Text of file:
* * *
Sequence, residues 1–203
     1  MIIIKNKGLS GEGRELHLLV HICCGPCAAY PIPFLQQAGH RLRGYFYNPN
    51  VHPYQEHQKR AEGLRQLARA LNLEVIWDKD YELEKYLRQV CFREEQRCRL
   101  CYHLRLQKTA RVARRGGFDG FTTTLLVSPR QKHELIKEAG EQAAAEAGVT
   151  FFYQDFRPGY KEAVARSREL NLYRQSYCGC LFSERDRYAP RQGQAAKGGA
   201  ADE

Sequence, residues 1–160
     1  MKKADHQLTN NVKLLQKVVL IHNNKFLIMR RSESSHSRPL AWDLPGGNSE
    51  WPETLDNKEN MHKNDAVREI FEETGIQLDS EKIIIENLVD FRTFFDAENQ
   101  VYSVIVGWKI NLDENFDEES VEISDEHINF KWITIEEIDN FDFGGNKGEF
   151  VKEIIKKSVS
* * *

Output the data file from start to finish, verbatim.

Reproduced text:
Sequence, residues 1–203
     1  MIIIKNKGLS GEGRELHLLV HICCGPCAAY PIPFLQQAGH RLRGYFYNPN
    51  VHPYQEHQKR AEGLRQLARA LNLEVIWDKD YELEKYLRQV CFREEQRCRL
   101  CYHLRLQKTA RVARRGGFDG FTTTLLVSPR QKHELIKEAG EQAAAEAGVT
   151  FFYQDFRPGY KEAVARSREL NLYRQSYCGC LFSERDRYAP RQGQAAKGGA
   201  ADE

Sequence, residues 1–160
     1  MKKADHQLTN NVKLLQKVVL IHNNKFLIMR RSESSHSRPL AWDLPGGNSE
    51  WPETLDNKEN MHKNDAVREI FEETGIQLDS EKIIIENLVD FRTFFDAENQ
   101  VYSVIVGWKI NLDENFDEES VEISDEHINF KWITIEEIDN FDFGGNKGEF
   151  VKEIIKKSVS